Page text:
Are you travelling far on holiday this year? We thought it would be fun to look at some of the extreme journeys that spacecraft from Earth are making, which might put that 4-hour flight to Lanzarote into perspective….
The Cassini-Huygens spacecraft launched from Cape Canaveral in October 1997. It had a relatively eventful journey, involving several ‘gravity-assist swingbys’ – it picked up speed by swinging past Venus twice, then past Earth and Jupiter before finally arriving in orbit around Saturn in July 2004. And it has been there ever since, in orbit around the planet, seeing the sights and doing lots of science. Cassini has seen far more than we could ever mention here, but we did a round-up of 10 things we’ve learned from Cassini-Huygens when it celebrated 10 years in orbit last summer (Cassini did such a good job that its mission has been extended, twice!).
"This is a mission that never stops providing us surprising scientific results and showing us eye popping new vistas," said Jim Green, director of NASA's planetary science division at NASA Headquarters in Washington. "The historic traveller’s stunning discoveries and images have revolutionized our knowledge of Saturn and its moons."
(Credit: NASA Jet Propulsion Laboratory, 2012)
Do you seek out unspoiled holiday locations? When the Huygens probe landed on Titan (one of Saturn’s moons) in January 2005, it became the first spacecraft to land in the outer solar system.
It took Cassini nearly 7 years to reach Saturn, snapping pictures all the way, but when the Rosetta spacecraft set out to catch up with a comet it had a much longer journey to make. Rosetta was launched in March 2004, and travelled around the Sun five times, picking up gravitational boosts from the Earth and Mars along the way. By July 2011, Rosetta was travelling close to the orbit of Jupiter, and the solar-powered spacecraft was running low on juice. The mission controllers put Rosetta into hibernation, with an internal alarm clock to wake it when it was on its way back into the Solar System.
Rosetta woke up in January 2014, to actively pursue comet 67P/Churyumov-Gerasimenko. It caught up with the comet in in August 2014.
"After ten years, five months and four days travelling towards our destination, looping around the Sun five times and clocking up 6.4 billion kilometres, we are delighted to announce finally 'we are here'", said Jean-Jacques Dordain, ESA's Director General.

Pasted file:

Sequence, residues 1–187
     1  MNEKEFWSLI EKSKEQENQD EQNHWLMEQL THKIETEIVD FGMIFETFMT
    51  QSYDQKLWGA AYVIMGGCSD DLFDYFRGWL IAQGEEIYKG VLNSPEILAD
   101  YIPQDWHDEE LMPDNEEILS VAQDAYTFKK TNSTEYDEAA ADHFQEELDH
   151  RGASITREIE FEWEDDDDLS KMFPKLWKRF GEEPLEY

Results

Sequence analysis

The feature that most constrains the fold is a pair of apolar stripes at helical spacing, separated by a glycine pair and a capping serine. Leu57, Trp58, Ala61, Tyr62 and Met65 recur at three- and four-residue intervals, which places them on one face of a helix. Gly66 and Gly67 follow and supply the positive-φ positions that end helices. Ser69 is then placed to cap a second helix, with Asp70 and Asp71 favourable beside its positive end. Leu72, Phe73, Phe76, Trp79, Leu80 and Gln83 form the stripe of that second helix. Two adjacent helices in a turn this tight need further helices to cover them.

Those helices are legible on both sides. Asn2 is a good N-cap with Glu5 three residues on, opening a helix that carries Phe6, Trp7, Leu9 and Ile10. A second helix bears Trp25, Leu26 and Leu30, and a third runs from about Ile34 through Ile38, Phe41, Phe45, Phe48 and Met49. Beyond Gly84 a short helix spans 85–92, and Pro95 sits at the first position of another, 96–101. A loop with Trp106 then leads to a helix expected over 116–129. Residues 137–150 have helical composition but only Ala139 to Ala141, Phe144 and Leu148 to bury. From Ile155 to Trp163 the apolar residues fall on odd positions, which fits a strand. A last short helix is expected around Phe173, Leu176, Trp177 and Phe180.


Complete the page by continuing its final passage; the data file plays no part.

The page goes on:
In November 2014, lander Philae completed the first ever ‘controlled touch down’ on a comet, conducting science experiments and sending back data whilst its batteries lasted. Stuck in the shade, Philae then went into hibernation until the comet got closer to the Sun. With more light reaching its solar panels, Philae woke up again in June 2015, and there’s hope it will be able to do more science in the coming months.
Meanwhile, Rosetta continues to observe comet 67P as it approaches the Sun. Rosetta has seen sinkholes forming in the surface of the comet (results published in Nature in July 2015), a process which scientists believe is very similar to that seen on Earth. ESA has confirmed that the Rosetta mission will continue until September 2016. By then, comet 67P comet will be moving far away from the Sun again, and there won’t be enough solar power to keep Rosetta’s instruments running. Rosetta’s long journey will probably end with the spacecraft being brought to rest on the comet it has chased for so long.
But even Rosetta’s epic journey isn’t the longest. In 2013, Voyager 1 became the first man-made object to leave the solar system and start exploring interstellar space. Launched in 1977, Voyager 1’s original mission was to study the outer planets. After taking a good look at Jupiter and Saturn, it continued on to the far reaches of our solar system. By 2013, with its power supplies running low and its sensors failing, Voyager 1 was almost 19 billion kilometres from Earth. Signals from the probe took 17 hours to travel back to Mission Control.
(Credit: NASA Jet Propulsion Laboratory, 2013)
It’s not easy to tell whether a spacecraft has left the solar system. NASA scientists are monitoring three different indicators, two of which you can see for yourself – they’re shown on a gauge on the Voyager homepage. After careful consideration of their plasma density readings, they confirmed that Voyager 1 crossed the heliopause on 25th August 2012. Voyager 2 is a few years behind, having taken a detour to study Uranus and Neptune. Both probes have enough power left to continue operating until at least 2020, and are sending back scientific information about their surroundings through the Deep Space Network, or DSN.
“Voyager has boldly gone where no probe has gone before, marking one of the most significant technological achievements in the annals of the history of science, and adding a new chapter in human scientific dreams and endeavours,” said John Grunsfeld, NASA’s associate administrator for science in Washington. “Perhaps some future deep space explorers will catch up with Voyager, our first interstellar envoy, and reflect on how this intrepid spacecraft helped enable their journey.”
The Voyagers aren’t our only source of information on what’s outside the solar system, as telescopes can see to the far reaches of the Universe. A lot of what’s out there is obscured by interstellar dust, which limits what we can see in visible and ultraviolet (UV) light. The VISTA telescope uses infrared (IR) light to see past the dust to what lies beyond, giving astronomers a really good view – it has been used to create a huge, nine-gigapixel, zoomable image of 84 million stars in our galaxy, the Milky Way. Handy if you’re planning your own extreme journey into space!